Bills that barely survive deadline for legislative action: Pocket gophers, cougar-hunting dogs
OLYMPIA – Some animals fared well this week as the Legislature rushed to pass bills before a critical deadline. Folks hoping to sip local liquor at the farmers market, buy pot at a state liquor store or require proof of citizenship before the state gives out a driver’s license didn’t do as well.
As is the case in most legislative sessions, many bills are all but dead after failing to pass at least one chamber before Monday’s cutoff. There are a few parliamentary maneuvers that can shock a bill back to life, but it’s not as easy as grabbing defibrillator paddles and yelling “clear” like a television doctor.
Among those that got a needed floor vote: Mazama pocket gophers, which could get an extended study to see if their numbers are dwindling; sharks, which could get some extra protection for their fins; and dogs, which could get to hunt cougars for another five years.
Bills on all three topics passed the Senate, and even provided a few minutes of levity as legislation churned through the process.
Senators wondered aloud about the possibly endangered gopher – does it have pockets or does it fit into pockets, is it moving into or out of Mazama, and what makes it different from a run-of-the-mill gopher? No answers to the first two sets of questions, and the answer to the last was self-censored by a senator who worried about schoolchildren in the gallery. (Mazama pocket guys, it turns out, have larger guy parts than their gopher cousins.)
Another bill would expand penalties for catching sharks, cutting off their dorsal fins and throwing the rest of the fish back in the water to die. It passed after an appeal for senators to recall the movie “Finding Nemo,” which had nicer sharks than any of the “Jaws” movies.
A bill to allow hunters in northern counties to use dogs to hunt cougars for another five years, despite a previous ban imposed by an initiative, also passed the Senate. It’s not clear if it picked up a few extra no votes when Sen. Mike Baumgartner, R-Spokane, couldn’t resist a University of Washington-Washington State University dig: “The last two games, it’s been the Cougars hunting the Dawgs.”
But dog owners won’t face penalties for keeping their pooches on chains or tethers for long periods of time. A bill to require adequate food, water and shelter for tethered dogs passed the Senate Judiciary Committee but never made it to a floor vote.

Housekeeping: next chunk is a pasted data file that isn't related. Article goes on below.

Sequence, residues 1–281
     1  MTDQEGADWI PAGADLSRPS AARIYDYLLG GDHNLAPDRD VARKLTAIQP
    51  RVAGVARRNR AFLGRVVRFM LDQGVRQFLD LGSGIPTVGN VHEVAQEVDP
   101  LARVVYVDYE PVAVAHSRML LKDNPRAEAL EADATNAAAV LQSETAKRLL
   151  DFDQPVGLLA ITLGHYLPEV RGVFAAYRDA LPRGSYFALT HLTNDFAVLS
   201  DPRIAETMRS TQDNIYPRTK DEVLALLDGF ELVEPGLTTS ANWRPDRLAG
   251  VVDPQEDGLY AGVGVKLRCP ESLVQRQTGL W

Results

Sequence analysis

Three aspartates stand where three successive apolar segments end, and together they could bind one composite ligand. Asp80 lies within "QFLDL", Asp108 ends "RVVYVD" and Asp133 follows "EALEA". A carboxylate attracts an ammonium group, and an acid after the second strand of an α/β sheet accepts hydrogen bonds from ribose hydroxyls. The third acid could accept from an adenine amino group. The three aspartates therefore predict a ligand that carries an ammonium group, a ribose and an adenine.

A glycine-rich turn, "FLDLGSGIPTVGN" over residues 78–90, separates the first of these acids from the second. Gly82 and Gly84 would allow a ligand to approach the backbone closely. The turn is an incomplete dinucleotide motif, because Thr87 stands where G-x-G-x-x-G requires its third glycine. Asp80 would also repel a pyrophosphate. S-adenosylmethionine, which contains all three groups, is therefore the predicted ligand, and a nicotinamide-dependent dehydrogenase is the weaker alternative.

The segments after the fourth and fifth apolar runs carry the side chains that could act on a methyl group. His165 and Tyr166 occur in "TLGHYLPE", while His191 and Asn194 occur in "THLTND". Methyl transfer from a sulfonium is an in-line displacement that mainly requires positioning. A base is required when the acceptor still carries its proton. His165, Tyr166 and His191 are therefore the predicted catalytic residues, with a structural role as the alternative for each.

The blue heron isn’t going to replace the goldfinch as the state bird. The large water bird didn’t get a hearing in either the Senate or the House government committees, despite having a bill in each chamber. A bill to name Tenino quarry sandstone the state rock made it out of the Senate government committee but got no floor vote.
A proposal to let craft distilleries sell liquor at farmers markets didn’t get a floor vote. But market patrons looking for a little pick-me-up while sorting through the organic veggies and handmade crafts might soon be able to buy local wine or beer. A separate proposal on the sale of the less potent booze options passed the House and was sent to the Senate.
Marijuana likely won’t be legalized, taxed and sold in state liquor stores after a bill to do all three drew passionate testimony but didn’t get out of a House committee. But new rules for licensing and regulating medical marijuana were sent to the House after passing the Senate on a 29-20 bipartisan vote.
The cost to file a ballot initiative or referendum with the state will likely remain $5. One proposal to raise it to $50 never got out of a House committee; another to up the fee to $500 and impose new rules for people paid to gather signatures passed a Senate committee but didn’t get a floor vote.
A bill to impose criminal penalties for lying in voters’ pamphlets and another to require driver’s license applicants to show proof of citizenship or get a license not valid for ID purposes also did not get floor votes.
It may be possible to get a license plate that designates the car owner as a volunteer firefighter or someone to whom “Music Matters.” Both options survived the deadline, although a separate proposal for plates that say “In God We Trust” never got a committee hearing.